For clients that don’t have the time or experience to do Use Cases or User Stories themselves, Syncro Medical can help. The requirements experts on my staff can guide the process, and depending on client needs, assist your team in completing the effort.
2. Use the Right Tool for Requirements Management and Traceability
I have seen situations in which the tool used for requirements management is out of scale relative to the project needs and scope. For example, Excel is probably no the right choice to track requirements for a FDA 510(k) Class III product requiring very rigorous, detailed, and traceable requirements. Conversely, a fully-featured requirements management system may be overkill for a simple product. In each case, the wrong tool would either impede the effort or worse, provide insufficient detail or flexibility to allow for detailed traceability.
Here at Syncro Medical, our in-house default for products of medium complexity is CaseComplete® by Serlio. It supports Use Cases and User Stories, as well as tags and manages requirements and associated test cases. CaseComplete® exports reports and traceability maps as Word documents and Excel spreadsheets. There are other excellent systems, and for clients who have already selected one, chances are we know it and we’ll gladly use it. For example, DOORS® and Requisite Pro® are used for more highly complex products that need thorough requirements management. For less complex products, a spreadsheet may be sufficient.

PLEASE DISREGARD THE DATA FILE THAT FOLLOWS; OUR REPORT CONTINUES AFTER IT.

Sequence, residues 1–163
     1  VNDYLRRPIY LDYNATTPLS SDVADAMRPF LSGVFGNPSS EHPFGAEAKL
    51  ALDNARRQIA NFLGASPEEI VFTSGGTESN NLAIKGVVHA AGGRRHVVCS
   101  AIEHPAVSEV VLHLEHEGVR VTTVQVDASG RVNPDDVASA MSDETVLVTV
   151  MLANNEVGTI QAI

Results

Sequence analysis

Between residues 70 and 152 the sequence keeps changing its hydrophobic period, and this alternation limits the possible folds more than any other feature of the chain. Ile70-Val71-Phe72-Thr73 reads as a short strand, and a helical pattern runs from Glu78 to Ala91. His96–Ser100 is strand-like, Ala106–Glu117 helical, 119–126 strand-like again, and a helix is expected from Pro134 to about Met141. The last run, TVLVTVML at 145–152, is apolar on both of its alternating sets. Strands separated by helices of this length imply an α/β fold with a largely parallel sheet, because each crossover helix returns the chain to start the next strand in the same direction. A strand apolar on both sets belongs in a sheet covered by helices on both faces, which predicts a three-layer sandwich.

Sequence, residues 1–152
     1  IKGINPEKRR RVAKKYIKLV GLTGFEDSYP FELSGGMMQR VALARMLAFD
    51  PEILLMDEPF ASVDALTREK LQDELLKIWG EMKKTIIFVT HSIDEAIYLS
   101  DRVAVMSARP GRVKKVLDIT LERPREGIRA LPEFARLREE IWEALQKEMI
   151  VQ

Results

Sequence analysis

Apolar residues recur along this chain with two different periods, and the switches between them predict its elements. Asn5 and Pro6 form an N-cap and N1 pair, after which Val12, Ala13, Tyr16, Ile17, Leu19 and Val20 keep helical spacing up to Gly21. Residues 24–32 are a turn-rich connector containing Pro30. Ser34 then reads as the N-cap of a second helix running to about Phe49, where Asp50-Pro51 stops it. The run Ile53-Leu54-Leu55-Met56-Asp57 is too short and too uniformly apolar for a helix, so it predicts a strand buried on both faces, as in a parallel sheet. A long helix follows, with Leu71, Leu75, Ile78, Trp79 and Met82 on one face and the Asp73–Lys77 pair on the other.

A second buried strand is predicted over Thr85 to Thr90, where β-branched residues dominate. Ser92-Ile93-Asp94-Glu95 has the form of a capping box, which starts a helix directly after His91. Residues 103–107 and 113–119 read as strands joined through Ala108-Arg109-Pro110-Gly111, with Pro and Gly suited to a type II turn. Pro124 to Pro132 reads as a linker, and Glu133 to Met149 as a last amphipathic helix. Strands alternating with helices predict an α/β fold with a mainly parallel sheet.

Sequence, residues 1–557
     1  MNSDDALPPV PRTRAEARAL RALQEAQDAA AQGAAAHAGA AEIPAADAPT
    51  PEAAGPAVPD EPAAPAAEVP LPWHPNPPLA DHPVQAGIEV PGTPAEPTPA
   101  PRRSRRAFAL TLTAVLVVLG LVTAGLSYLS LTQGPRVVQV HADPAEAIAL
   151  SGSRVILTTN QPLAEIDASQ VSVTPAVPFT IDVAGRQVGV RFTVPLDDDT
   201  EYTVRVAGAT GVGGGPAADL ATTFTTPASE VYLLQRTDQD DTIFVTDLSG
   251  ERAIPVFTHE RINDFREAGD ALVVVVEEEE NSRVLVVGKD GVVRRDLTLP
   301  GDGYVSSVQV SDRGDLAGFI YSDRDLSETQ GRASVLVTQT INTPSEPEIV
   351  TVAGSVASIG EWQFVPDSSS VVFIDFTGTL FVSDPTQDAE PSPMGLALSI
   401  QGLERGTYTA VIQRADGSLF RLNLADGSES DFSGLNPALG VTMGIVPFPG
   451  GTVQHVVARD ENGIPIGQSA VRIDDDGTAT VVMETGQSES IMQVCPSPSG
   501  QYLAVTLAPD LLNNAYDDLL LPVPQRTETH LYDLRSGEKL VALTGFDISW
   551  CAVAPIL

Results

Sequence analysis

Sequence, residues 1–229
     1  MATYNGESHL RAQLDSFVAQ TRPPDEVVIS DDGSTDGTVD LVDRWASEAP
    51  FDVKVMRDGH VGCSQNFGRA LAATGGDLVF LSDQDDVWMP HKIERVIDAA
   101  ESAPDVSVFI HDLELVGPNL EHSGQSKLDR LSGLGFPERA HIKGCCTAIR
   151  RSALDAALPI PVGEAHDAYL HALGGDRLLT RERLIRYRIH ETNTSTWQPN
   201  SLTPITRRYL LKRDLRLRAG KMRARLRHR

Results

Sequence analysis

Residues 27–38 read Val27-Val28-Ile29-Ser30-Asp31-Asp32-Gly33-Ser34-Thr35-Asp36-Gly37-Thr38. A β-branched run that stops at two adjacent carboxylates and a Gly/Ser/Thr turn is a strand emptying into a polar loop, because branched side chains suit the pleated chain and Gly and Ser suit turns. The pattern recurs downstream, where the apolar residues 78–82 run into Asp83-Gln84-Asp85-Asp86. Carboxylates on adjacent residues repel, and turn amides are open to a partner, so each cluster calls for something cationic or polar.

3. Accept that it’s not necessary to have a fully developed Software Requirements Specification before beginning a software development effort
It’s not necessary to specify every detailed requirement before actually starting to develop the software itself. In fact, in our experience, chasing the unattainable goal of perfect up-front requirements is often inefficient and can result in delayed product introductions.
Most of us have been trained to fully document requirements prior to starting design and development. However, in actual practice we have found that development projects benefit from a phased approach to requirements documentation. Most of the time, creating high-level use cases and associated general requirements can be enough to get underway with the software architecture and design. More detailed requirements can then be defined and documented as part of each sprint in an Agile process, as the User Stories are being addressed in that sprint. During the sprint, when the team is most focused on a given module or function, definition of detailed requirements tends to be more complete, and is accomplished more quickly.
In the end, particularly for FDA 510(k) and similar projects, you’ll need to create a formal requirements specification and demonstrate that the requirements have been formally verified.
The approach I’ve discussed above for defining and managing medical software requirements effectively balances efficient and adaptable software engineering with the regulatory needs of medical software development.
Next time you are tasked with providing a “rock”, consider employing this mix of options to optimize the place where regulatory needs and development efficiency intersect. If you need help with this challenging part of the development process, I’d be happy to talk with you about how Syncro Medical’s requirements experts could be of assistance.